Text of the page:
Thanks for the hint! I am using the above code successfully on multiple production systems running different 5.3.X versions of PHP, but actually none of them is 5.3.0. –  Jpsy Feb 26 '12 at 16:08
3  
I my opinion it could be more elegant without database specific options –  Aalex Gabi Sep 6 '12 at 16:51
    
True, the MYSQL_ATTR_INIT_COMMAND is only available for MySQL databases (for available commands for each db type see the sub-pages of php.net/manual/de/pdo.drivers.php). But this is exactly what the OP has asked for. –  Jpsy Nov 6 '12 at 11:54
    
passing charset=utf8 in the dsn string works! I was trying to figure out the issue at groups.google.com/d/msg/auraphp/syMS26Rz-q8/9laQr9tR4EoJ –  Hari K T Nov 14 '13 at 5:17

For completeness, there're actually three ways to set the encoding when connecting to MySQL from PDO and which ones are available depend on your PHP version. The order of preference would be:

  1. charset parameter in the DSN string
  2. PDO::MYSQL_ATTR_INIT_COMMAND connection option
  3. Run SET NAMES utf8 manually

This sample code implements all three:

<?php

define('DB_HOST', 'localhost');
define('DB_SCHEMA', 'test');
define('DB_USER', 'test');
define('DB_PASSWORD', 'test');
define('DB_ENCODING', 'utf8');


$dsn = 'mysql:host=' . DB_HOST . ';dbname=' . DB_SCHEMA;
$options = array(
    PDO::ATTR_ERRMODE => PDO::ERRMODE_EXCEPTION,
);

if( version_compare(PHP_VERSION, '5.3.6', '<') ){
    if( defined('PDO::MYSQL_ATTR_INIT_COMMAND') ){
        $options[PDO::MYSQL_ATTR_INIT_COMMAND] = 'SET NAMES ' . DB_ENCODING;
    }
}else{
    $dsn .= ';charset=' . DB_ENCODING;
}

$conn = @new PDO($dsn, DB_USER, DB_PASSWORD, $options);

if( version_compare(PHP_VERSION, '5.3.6', '<') && !defined('PDO::MYSQL_ATTR_INIT_COMMAND') ){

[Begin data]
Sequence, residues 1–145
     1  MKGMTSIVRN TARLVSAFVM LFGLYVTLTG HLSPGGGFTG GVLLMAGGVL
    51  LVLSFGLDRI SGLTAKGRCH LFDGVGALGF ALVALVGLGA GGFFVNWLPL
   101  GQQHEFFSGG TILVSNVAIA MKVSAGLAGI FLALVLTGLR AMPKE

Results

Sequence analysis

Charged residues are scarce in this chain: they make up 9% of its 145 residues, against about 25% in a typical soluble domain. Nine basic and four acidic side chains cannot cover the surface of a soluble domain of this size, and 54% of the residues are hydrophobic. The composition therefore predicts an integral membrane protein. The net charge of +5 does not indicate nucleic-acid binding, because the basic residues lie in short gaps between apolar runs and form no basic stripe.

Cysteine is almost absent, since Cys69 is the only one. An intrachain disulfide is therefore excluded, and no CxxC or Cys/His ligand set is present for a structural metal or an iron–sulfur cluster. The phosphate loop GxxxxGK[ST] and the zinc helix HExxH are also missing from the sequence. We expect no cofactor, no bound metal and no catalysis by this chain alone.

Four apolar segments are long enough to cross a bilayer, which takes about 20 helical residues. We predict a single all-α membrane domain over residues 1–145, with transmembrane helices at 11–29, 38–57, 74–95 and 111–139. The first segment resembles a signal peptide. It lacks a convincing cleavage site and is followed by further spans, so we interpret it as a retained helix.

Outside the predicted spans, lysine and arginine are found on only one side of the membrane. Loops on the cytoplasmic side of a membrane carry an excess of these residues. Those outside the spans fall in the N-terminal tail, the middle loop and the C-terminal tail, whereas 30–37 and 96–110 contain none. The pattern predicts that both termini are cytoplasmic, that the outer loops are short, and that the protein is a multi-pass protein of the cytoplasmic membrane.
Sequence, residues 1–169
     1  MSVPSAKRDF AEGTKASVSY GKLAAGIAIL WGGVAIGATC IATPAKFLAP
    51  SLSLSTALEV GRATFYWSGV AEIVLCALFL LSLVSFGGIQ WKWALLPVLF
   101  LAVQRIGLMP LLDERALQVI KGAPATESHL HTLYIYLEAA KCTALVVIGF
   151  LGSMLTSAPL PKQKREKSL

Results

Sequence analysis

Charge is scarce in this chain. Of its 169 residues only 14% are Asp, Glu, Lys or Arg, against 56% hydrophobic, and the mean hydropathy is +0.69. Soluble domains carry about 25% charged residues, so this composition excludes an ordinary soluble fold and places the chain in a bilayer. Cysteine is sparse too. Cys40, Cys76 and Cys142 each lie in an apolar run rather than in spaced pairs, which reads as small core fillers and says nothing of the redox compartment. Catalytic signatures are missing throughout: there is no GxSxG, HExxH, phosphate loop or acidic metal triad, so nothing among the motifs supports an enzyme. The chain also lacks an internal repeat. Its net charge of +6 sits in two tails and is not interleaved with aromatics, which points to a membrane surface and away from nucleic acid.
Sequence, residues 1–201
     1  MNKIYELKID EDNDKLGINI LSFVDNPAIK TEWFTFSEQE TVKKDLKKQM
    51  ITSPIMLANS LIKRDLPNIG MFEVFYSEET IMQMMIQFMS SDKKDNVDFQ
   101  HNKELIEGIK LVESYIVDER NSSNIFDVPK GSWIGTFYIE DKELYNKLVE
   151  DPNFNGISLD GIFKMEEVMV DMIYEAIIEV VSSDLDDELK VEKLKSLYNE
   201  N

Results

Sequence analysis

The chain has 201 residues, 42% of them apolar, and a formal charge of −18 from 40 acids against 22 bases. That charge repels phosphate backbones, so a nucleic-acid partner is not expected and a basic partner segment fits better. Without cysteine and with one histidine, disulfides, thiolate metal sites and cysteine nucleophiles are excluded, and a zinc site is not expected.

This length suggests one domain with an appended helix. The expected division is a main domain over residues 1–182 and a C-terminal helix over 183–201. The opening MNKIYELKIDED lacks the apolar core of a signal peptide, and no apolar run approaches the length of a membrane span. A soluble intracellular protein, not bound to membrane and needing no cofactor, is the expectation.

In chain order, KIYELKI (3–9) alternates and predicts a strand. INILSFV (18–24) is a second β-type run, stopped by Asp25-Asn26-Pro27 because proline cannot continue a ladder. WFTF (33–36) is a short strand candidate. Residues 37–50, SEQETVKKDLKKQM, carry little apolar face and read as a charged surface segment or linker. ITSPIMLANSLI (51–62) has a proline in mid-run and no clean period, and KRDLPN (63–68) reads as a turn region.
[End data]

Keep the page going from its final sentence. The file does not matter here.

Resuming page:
$sql = 'SET NAMES ' . DB_ENCODING;
    $conn->exec($sql);
}

Doing all three is possibly overkill (unless you're writing a class you plan to distribute or reuse).

share|improve this answer

I think you need an additionally query because the charset option in the DSN is actually ignored. see link posted in the comment of the other answer.

Looking at how Drupal 7 is doing it in http://api.drupal.org/api/drupal/includes--database--mysql--database.inc/function/DatabaseConnection_mysql%3A%3A__construct/7:

// Force MySQL to use the UTF-8 character set. Also set the collation, if a
// certain one has been set; otherwise, MySQL defaults to 'utf8_general_ci'
// for UTF-8.
if (!empty($connection_options['collation'])) {
  $this->exec('SET NAMES utf8 COLLATE ' . $connection_options['collation']);
}
else {
  $this->exec('SET NAMES utf8');

}

share|improve this answer

I just want to add that you have to make sure your database is created with COLLATE utf8_general_ci or whichever collation you want to use, Else you might end up with another one than intended.

In phpmyadmin you can see the collation by clicking your database and choose operations. If you try create tables with another collation than your database, your tables will end up with the database collation anyways.

So make sure the collation for your database is right before creating tables. Hope this saves someone a few hours lol

share|improve this answer

Your Answer

 
discard

By posting your answer, you agree to the privacy policy and terms of service.

Not the answer you're looking for? Browse other questions tagged or ask your own question.